Technical data short-circuit capacity 63 kA Rated voltage Up to 550 kV Rated current up to 5,000 A Transmission capacity up to 3,700 MVA Capacitance ≈ 60 nF / km

Length up to 70 km

Gas mixture SF6/N2 20 % / 80 % (400 kV), 60 % / 40 % (500 kV)

Laying Directly buried

In tunnels, sloping galleries, vertical shafts Open-air installation, above ground

Fig. 2.5-3: Long-term test setup at IPH, Berlin


2.5 Power Transmission Lines


infrastructure tunnels together with foreign elements (e.g., close to telecommunication equipment and similar). Thus, GIL provides maximum flexibility for the planning of transmission networks in EMC-sensitive environments, where magnetic fields have to be avoided. Siemens GIL systems can satisfy the most stringent magnetic flux density requirements, for example, the Swiss limit of 1 μT (fig. 2.5-2).

Jointing technique

In order to perfectionize gas tightness and to facilitate laying of long straight lines, flanges may be avoided as a jointing tech-nique. Instead, welding the various GIL construction units ensures highest quality (fig. 2.5-5). Siemens’ welding process is highly automated by using orbital welding machines. This as well contributes to high productivity in the welding process and a short overall installation time. To ensure quality, the welds are controlled by a new sophisticated ultrasonic testing system which exceeds even X-ray test standards.


During the installation process, climatic influences such as rain, dust, seasons of the year, etc. need to be taken into account. To meet Siemens’ requirements for cleanness and quality, the laying techniques of GIL differ from pipeline technology. To protect the assembly area against dust, particles, humidity and other envi-ronmental factors, a temporary installation tent is set up for the installation period. In this way, working conditions are created which meet the standards of modern GIS factories. After the GIL is installed, these supporting installations are removed com-pletely, and the entire area is re-naturalized. Thus, GIL are well suitable for use in environmentally protected areas. Due to the small width of GIL routes, the system is specifically compatible with the landscape.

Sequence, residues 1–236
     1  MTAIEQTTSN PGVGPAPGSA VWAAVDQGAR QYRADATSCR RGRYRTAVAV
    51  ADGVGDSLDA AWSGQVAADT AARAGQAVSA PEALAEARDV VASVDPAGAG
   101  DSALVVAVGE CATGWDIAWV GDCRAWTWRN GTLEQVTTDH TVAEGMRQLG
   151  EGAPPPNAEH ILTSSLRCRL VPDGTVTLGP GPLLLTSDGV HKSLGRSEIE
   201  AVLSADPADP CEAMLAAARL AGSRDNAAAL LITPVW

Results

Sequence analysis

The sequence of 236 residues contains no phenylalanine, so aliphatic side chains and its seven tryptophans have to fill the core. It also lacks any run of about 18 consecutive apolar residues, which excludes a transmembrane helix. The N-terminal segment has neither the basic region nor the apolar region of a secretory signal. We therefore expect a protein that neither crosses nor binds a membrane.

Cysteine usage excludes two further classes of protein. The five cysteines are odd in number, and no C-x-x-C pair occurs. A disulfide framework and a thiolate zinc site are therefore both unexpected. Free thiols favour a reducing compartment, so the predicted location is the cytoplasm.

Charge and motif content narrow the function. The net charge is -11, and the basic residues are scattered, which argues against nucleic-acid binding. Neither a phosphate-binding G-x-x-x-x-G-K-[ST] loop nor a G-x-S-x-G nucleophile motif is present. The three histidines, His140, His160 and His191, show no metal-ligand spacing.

Above ground installation

GIL installation above ground are a trouble-free option for use in properties with restricted public access. The open air technology is proven under all climatic conditions in numerous installations all over the world. GIL are unaffected by high ambient tempera-tures, intensive solar radiation or severe atmospheric pollution (such as dust, sand or moisture). Due to the use of corrosion resistant alloys, corrosion protection can be omitted in most application cases (fig. 2.5-6).

Tunnel installation

Tunnels made up of prefabricated structural elements provide a quick and easy method of GIL installation especially in densely populated areas. The tunnel elements are assembled in a dig-and-cover trench, which is backfilled immediately. The GIL is installed once the tunnel has been completed. Thus, the open trench time is minimized. With this method of installation, the land above the tunnel can be fully restored to other purpose of use (fig. 2.5-7).

Vertical Installation

Gas-insulated tubular lines can be installed without problems at any gradient, even vertically. This makes them a top solution especially for cavern power plants, where large amounts of

Fig. 2.5-7: GIL laying technique for tunnel installation Fig. 2.5-5: Orbital welding of GIL pipes

Fig. 2.5-6: Above ground installation


2.5 Power Transmission Lines


energy have to be transmitted from the bottom of the cavern

(e.g., the machine transformer / switchgear) to the surface (over-head line). As GIL systems pose no fire risk, they can be integrated without restriction into tunnels or shafts that are accessible to man, and can also be used for ventilation at the same time. Thus, cost for tunnelling works can be reduced clearly.

Direct burying

Especially when used in lesser populated areas, directly buried GIL are a perfect solution. For that purpose, the tubes are safe-guarded by a passive and active corrosion protection. The pas-sive system comprises a HDPE coating which ensures at least 40 years of protection. The active system additionally provides cathodic DC protection potential for the aluminum tubes. Magentic fields measured at the surface above the line are minimal. The high transmission power of GIL minimizes the width of trench. The land consumption is lower by approx. 1/3 related to comparable cable installations (fig. 2.5-8).